Daily Archives: 2019-07-30

Students in the wealthiest districts are obtaining disability accommodations at much higher rates, report finds

Source: The Week: Most Recent Home Page Posts

Article note: I could easily see this. You build tools that can be used to give an advantage, and those with the means to do so will use them in technically-inside-the-rules for advantage, whether it's prescription stimulants as performance drugs, sleazy financial deals, or disability accommodations. At the university level there is a visible mix of "reasonable accommodations allowing students to succeed" and "taking advantage," it's sometimes egregious enough to be easy to call, but we can't.

Disability accommodations for schoolwork and testing are not distributed equally across the socioeconomic spectrum, The New York Times reports.

More students than ever in the United States are reportedly securing disability diagnoses, which often allow them to receive extra time for class work and tests, including standardized tests like the ACT and SAT which have bearing on college acceptance. The Times reports that in the country's wealthiest school districts students are obtaining 504 plans — a federal disability designation — at higher rates.

For example, while analyzing Department of Education data, the Times found that in the top 1 percent of wealthiest districts, 5.8 percent of students held a 504 plan, which is twice the national average. In some communities, like Weston, Connecticut, where the average annual income is $220,000, the rate was as high as 18 percent. Meanwhile, in the Cleveland Metropolitan School district, less than 1 percent of students had obtained a 504 plan. Further, a larger percentage of white students held a 504 plan than any other race.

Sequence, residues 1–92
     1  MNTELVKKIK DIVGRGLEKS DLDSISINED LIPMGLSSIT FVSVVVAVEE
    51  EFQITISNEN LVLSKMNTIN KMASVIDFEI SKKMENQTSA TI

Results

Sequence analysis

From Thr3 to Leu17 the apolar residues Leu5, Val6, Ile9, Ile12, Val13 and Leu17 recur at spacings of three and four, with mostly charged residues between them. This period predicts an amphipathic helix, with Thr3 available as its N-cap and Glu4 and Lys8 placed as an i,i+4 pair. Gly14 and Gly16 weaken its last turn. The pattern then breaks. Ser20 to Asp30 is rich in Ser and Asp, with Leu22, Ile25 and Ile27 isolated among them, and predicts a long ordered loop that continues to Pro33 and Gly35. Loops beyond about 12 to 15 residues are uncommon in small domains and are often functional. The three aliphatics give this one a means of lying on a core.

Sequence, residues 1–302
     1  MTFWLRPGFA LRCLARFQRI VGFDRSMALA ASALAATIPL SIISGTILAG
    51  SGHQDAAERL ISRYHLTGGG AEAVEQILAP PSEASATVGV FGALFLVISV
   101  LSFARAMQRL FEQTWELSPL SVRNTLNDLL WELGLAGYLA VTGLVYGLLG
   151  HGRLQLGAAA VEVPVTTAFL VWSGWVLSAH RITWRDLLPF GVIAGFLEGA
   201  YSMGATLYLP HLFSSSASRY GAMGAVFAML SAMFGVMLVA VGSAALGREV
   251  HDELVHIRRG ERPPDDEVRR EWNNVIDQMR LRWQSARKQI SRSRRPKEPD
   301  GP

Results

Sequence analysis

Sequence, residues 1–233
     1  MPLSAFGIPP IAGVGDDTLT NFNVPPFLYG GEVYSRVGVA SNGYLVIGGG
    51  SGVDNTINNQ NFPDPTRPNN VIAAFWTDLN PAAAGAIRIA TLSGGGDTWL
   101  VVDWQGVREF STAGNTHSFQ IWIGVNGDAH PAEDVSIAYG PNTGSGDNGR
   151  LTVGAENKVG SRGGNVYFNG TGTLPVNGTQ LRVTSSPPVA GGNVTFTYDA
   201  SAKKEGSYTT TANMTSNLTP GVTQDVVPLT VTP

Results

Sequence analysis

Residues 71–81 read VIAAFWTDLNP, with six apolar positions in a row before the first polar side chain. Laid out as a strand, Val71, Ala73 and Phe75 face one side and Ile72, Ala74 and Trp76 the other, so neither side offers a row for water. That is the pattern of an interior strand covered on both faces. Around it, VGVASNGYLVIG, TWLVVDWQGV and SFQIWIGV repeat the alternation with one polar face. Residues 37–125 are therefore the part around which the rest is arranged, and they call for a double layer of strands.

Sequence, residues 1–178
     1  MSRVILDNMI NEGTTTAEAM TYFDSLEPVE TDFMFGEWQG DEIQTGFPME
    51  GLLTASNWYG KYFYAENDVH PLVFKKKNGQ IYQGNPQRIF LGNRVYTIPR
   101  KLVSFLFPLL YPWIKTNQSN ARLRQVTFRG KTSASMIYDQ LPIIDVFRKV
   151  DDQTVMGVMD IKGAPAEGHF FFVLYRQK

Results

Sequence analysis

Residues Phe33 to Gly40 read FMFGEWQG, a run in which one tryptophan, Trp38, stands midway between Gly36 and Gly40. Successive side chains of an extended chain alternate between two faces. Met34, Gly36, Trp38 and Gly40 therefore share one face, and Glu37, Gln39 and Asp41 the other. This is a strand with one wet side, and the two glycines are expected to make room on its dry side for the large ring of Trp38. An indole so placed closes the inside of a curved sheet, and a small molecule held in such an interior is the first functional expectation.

1. New investigation from @jugalpatelNYT and me: In the top 1 percent of richest school districts, teens are 2x as likely to hold a disability plan that qualifies them for extended time on SAT/ACT and schoolwork. In some places, it's 7x the national rate. https://t.co/wFQcgxe8g7 pic.twitter.com/290io4lx87

— Dana Goldstein (@DanaGoldstein) July 30, 2019

The data does not include private schools, but in some areas, private school students reportedly are even more likely to qualify for accommodations.

The Times reports that while cases of outright fraud are rare, the system is vulnerable to abuse, in part because private mental health practitioners can operate with limited oversight. But speculation about gaming the system aside, the Times reports that the disparity more broadly represents unequal access to resources.

3. It starts in early childhood, when some parents are more able than others to have children evaluated for speech and motor-skill delays. By high school, some have spent tens of thousands on repeated psychological evaluations, which are rarely fully covered by insurance.

— Dana Goldstein (@DanaGoldstein) July 30, 2019

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A Big Blue landmark restaurant is gone as more changes come to campus-area corridor

Source: Kentucky.com -- Fayette County

Article note: On one hand, watching UK's expanded privatized food offerings kill the local restaurant scene is sad. On the other hand, food poisoning Arbys needed to go.

Another University of Kentucky landmark apparently is gone: The Arby’s at 507 South Limestone apparently has closed. The building, distinctive from other Arby’s because it had blue trim instead of … Click to Continue »

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